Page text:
A new group of APT hackers spying on hotels and governments around the world


A New Advanced Persistent Threat (APT) is behind a series of attacks against hotels around the world, as well as against governments, international organizations, engineering companies and law firms.

Slovak cybersecurity firm ESET codenamed the cyber espionage group FamousSparrow, which it says has been active since at least August 2019, with victims located in Africa, Asia, Europe, the Middle East and the Americas, in several countries such as Burkina Faso and Taiwan. , France, Lithuania, United Kingdom, Israel, Saudi Arabia, Brazil, Canada and Guatemala.

The attacks mounted by the group involve the exploitation of known vulnerabilities in server applications such as SharePoint and Oracle Opera, in addition to the ProxyLogon remote code execution vulnerability in Microsoft Exchange Server that was revealed in March 2021, this which makes him the last threat actor to have had access to the exploit before the details of the flaw were made public.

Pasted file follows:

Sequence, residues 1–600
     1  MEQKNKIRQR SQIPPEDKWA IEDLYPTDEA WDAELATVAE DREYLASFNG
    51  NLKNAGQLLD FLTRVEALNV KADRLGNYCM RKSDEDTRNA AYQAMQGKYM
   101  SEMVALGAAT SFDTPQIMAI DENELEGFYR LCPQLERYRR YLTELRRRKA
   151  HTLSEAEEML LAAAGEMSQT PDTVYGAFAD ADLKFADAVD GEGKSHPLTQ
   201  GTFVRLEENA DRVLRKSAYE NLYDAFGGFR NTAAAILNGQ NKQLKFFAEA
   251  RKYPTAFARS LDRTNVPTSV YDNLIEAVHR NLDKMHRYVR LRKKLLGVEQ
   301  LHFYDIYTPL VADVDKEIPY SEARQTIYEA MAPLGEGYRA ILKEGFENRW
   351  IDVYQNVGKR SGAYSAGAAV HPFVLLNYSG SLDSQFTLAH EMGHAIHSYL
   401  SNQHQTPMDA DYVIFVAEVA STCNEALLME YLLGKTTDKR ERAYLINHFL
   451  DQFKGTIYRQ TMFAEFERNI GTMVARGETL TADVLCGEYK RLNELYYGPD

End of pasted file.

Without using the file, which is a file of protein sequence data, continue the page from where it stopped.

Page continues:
According to ESET, the intrusion exploiting the flaws began on March 3, leading to the deployment of several malicious artifacts, including two bespoke versions of the credential thief Mimikatz, a NetBIOS scanner named Nbtscan, and a loader for a custom implant. baptized SparrowDoor.

Installed by taking advantage of a technique called DLL search order hijacking, SparrowDoor works as a utility to dig into new corners of the target’s internal network that hackers also have access to to execute arbitrary commands as well as to hoard and exfiltrate sensitive information to a remote command-and-control server (C2) under their control.

Prevent data breaches

Although ESET did not attribute the FamousSparrow group to a specific country, it found similarities between its techniques and those of SparklingGoblin, an offshoot of the China-related Winnti Group, and DRBControl, which also overlaps with malware previously. identified with Winnti and Emissary. Pandas campaigns.

“This is another reminder that it is essential to quickly fix applications that are accessible on the internet or, if a quick fix is ​​not possible, not to expose them to the internet at all,” ESET researchers said. , Tahseen Bin Taj and Matthieu Faou.


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